Evan MacLeish’s film about the life and death of his second wife was the work of a man at the top of his game. He had learned many lessons in the decade between Leap of Faith
and Black Spikes and Slow Waves
, but apparently he hadn’t mastered compassion. Annie Lowell was an actor by profession and she clearly knew her way around a camera, but Evan’s betrayal of her was as complete as his betrayal of her sweet- faced predecessor. As I watched his meticulous recording of Annie’s attempt to embrace all of life pleasures before the screen faded to black, I wondered how the filmmaker could have subsumed the husband so completely. Annie was clearly a woman bent on self- destruction. Why hadn’t the man who loved her stopped her?
I had tried all day to banish the images of Evan MacLeish’s wives by busying myself with the Mrs. Dalloway rounds of a woman planning a party, but the agony of these two very different women had burned itself into me. As I stood by the front door waiting to meet Jill and the man whose camera had captured those images, I had moved beyond concern to dread.
It was the night before the winter solstice. When I had offered to hold the rehearsal dinner at our house, my eighteen- year- old son, Angus, who was habitually short of cash but long on inspiration, put himself in charge of producing a seriously great event. It had taken him many hours at the computer to ferret out traditions that weren’t flaky, but as I watched him sprint down the walk in his cut- offs and Mr. Bill sweatshirt, igniting the pine tar and paraffin torches that he had wrapped and hand- dipped, I knew that at least one of his decisions was a knockout. Within seconds, a dozen flames licked hungrily at the thin winter air and the scents of smouldering pine tar and peat smoke drifted towards us.
My eight- year- old daughter leaned over the porch rail to watch the flames. “Angus says people used to build bonfires and light torches on the longest night of the year, so the spirits of the dead would stay away and the sun would remember to come back, but Mr. Kaufman says the dead don’t have spirits and the sun just appears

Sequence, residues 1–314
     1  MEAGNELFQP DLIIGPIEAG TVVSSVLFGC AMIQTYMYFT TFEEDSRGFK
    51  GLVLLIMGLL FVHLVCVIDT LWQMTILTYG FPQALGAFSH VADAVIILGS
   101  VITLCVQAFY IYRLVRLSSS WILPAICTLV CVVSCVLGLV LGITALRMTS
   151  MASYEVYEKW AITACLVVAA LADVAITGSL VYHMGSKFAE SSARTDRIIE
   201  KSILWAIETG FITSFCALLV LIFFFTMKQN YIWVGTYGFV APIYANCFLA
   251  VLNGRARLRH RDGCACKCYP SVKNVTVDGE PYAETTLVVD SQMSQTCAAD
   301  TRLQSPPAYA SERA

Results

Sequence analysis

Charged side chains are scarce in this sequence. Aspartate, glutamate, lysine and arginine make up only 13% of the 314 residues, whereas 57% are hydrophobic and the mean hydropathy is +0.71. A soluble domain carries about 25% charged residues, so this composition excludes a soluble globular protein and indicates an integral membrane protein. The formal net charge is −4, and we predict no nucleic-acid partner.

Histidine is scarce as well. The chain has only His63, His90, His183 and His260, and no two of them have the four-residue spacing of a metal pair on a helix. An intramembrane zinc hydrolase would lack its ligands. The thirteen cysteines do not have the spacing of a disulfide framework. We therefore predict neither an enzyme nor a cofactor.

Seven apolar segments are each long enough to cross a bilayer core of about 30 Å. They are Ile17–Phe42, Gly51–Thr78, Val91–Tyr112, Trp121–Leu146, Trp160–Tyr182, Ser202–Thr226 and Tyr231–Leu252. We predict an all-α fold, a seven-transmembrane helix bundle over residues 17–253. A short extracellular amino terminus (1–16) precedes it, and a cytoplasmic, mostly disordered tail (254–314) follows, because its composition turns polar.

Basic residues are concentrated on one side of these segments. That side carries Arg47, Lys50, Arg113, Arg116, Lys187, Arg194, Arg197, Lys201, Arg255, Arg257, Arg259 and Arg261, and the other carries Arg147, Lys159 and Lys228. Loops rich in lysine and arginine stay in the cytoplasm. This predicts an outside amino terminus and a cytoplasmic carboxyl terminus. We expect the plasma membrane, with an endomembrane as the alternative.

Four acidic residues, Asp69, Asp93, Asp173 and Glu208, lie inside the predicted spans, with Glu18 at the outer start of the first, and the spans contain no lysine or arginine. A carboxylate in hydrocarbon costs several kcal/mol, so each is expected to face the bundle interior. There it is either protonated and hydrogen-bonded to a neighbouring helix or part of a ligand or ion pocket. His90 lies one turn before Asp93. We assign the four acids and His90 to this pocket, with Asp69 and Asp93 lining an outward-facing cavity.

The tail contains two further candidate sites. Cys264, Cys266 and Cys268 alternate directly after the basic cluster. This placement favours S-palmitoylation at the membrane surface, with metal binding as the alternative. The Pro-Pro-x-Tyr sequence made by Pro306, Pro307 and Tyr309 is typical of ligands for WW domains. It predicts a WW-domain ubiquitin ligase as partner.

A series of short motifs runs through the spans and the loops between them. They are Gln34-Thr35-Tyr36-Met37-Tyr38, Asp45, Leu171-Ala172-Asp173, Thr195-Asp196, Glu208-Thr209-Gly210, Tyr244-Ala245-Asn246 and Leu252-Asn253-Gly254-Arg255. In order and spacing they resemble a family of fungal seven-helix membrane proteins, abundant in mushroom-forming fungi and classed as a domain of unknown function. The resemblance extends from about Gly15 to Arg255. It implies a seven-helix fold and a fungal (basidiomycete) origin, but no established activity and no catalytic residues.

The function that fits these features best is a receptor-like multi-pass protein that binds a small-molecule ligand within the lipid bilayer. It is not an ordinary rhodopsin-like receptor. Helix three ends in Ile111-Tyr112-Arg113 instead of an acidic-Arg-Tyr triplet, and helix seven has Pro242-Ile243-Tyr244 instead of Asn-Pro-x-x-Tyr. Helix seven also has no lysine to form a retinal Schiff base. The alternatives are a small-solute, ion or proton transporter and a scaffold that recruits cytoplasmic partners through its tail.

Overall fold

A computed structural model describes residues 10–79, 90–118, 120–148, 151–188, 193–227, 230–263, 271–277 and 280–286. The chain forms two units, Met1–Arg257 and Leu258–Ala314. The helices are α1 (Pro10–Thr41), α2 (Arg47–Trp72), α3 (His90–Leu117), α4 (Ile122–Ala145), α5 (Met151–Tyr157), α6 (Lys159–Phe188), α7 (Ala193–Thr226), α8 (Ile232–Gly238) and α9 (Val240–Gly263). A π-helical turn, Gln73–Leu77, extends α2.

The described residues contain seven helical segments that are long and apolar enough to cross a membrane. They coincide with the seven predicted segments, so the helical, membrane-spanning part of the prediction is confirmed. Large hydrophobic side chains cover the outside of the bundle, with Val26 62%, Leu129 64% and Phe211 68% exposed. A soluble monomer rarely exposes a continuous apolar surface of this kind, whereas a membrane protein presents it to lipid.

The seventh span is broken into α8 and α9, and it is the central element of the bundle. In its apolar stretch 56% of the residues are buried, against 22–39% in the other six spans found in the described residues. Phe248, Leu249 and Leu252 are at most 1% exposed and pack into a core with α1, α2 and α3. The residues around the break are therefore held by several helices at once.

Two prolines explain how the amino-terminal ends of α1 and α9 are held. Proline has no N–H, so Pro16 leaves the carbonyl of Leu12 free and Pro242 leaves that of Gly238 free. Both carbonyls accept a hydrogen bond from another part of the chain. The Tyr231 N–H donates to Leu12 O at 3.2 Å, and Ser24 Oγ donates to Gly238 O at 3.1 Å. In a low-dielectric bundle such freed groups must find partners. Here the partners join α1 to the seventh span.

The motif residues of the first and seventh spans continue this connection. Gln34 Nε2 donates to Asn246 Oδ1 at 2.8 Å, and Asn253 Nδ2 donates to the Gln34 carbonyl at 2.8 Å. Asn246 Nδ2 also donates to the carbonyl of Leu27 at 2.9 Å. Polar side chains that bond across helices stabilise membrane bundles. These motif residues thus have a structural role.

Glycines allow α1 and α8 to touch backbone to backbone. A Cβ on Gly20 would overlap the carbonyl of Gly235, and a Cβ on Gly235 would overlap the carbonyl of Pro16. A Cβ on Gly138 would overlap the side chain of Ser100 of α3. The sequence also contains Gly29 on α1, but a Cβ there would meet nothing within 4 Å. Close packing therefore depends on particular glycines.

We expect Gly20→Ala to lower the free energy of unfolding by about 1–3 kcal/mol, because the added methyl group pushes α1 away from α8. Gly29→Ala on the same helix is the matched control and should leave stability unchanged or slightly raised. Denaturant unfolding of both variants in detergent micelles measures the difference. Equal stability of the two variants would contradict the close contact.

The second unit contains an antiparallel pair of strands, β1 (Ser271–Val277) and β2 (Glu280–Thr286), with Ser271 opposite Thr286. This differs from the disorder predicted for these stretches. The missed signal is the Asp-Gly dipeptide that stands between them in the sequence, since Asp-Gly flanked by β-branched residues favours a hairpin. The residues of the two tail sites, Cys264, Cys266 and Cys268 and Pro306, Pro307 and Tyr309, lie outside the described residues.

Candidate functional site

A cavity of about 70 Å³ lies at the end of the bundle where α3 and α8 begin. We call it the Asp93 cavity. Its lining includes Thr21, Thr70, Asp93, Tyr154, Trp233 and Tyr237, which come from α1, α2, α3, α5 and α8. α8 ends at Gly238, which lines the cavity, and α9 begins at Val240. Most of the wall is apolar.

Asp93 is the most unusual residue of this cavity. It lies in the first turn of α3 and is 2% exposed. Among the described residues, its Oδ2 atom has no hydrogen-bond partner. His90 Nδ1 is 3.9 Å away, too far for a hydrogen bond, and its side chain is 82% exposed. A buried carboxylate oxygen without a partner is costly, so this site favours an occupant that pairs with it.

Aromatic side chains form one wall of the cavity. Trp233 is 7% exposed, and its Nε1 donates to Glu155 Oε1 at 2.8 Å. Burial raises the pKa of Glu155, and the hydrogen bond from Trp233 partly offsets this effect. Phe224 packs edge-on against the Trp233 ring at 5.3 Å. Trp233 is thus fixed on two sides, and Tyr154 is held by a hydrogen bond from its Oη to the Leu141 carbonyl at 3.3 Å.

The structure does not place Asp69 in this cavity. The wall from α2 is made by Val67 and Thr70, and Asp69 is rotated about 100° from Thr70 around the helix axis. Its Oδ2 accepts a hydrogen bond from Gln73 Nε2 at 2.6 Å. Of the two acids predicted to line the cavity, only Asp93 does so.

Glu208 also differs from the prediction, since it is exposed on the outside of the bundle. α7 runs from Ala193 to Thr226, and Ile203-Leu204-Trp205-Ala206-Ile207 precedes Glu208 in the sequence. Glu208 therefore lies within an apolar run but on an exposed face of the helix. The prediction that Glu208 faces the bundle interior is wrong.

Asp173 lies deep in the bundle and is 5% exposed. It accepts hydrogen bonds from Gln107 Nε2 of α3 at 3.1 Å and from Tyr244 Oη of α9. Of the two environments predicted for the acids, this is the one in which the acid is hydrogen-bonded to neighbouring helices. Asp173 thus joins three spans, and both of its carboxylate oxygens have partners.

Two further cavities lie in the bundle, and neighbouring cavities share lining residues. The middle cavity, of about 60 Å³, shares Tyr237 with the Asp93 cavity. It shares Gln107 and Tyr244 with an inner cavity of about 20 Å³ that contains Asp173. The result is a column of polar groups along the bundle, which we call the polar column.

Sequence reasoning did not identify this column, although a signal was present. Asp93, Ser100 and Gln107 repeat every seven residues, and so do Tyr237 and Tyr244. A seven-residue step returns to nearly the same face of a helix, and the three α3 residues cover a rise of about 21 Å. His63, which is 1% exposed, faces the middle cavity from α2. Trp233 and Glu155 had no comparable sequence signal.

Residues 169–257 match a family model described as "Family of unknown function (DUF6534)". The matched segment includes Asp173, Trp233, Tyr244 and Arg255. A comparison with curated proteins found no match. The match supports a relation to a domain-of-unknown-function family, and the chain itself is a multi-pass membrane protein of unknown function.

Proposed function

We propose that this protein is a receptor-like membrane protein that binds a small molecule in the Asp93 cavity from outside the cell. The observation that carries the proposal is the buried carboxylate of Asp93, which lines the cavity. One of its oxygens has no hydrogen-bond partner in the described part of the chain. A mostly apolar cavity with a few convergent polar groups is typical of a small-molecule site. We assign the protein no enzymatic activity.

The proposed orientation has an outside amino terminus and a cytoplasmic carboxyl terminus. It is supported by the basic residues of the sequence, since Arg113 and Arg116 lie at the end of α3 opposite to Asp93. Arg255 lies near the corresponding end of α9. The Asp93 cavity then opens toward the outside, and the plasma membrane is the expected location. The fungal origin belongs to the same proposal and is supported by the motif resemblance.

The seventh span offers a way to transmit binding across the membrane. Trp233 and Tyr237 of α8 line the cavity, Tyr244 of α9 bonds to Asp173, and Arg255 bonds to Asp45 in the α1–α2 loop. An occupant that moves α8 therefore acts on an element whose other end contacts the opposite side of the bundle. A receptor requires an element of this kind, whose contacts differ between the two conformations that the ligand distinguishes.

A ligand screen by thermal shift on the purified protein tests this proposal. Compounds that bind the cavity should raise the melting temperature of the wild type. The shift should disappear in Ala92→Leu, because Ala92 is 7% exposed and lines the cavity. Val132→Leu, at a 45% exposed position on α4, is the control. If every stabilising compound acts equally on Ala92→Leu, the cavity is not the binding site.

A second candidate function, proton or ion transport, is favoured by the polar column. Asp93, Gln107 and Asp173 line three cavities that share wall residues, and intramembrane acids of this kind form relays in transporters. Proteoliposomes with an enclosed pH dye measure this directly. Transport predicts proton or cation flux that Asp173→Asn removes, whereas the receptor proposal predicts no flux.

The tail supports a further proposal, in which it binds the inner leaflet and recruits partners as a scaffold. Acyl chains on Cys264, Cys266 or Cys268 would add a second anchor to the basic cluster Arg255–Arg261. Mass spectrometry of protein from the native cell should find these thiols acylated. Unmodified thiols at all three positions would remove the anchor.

to come back because the earth starts to tilt the right way.”
“What do you think?” I asked.
Taylor traced a pattern with her toe in the skiff of snow on our front porch. “I kind of like Angus’s story better,” she said.
“So do I,” I said. “But, of course, I still believe in gnomes and pixies.”
Taylor grinned. “Is that why you stayed in the garage with Angus when he was making his torches?”
I drew her close. “Nope,” I said. “I just wanted to make sure there was someone there to drag him out if that tar and paraffin he was heating exploded.”
“I heard that!” Angus twirled his torch triumphantly in the air. “As you can see, I’m still here. You worry too much, Mum.”
“Just about the people I love.”
“And that includes Jill,” Angus said. He peered down the street. “Hey, there are two taxis headed our way. This party is finally ready to rock and roll.”
“Not without me, it isn’t.” Taylor jumped off the porch and ran down the walk. I followed her.
As the first cab pulled up, Angus gave me a searching look. “You could try smiling,” he said. “You’re so weird about this wedding. Is there something the matter with this Evan guy?”
“I hope not.”
“Give him a chance. That’s what you always tell us.”
“Okay,” I said. “I’ll keep an open mind.” But the power of positive thinking was no match for the lingering intensity of the images captured by Evan MacLeish. Clearly, he was one hell of a filmmaker. As the second taxi slowed in front of my house, I knew in my bones that neither science nor dancing flames would keep the spirits of Linn Brokenshire and Annie Lowell from the party celebrating the marriage of one of my oldest friends to the man who had once been their husband.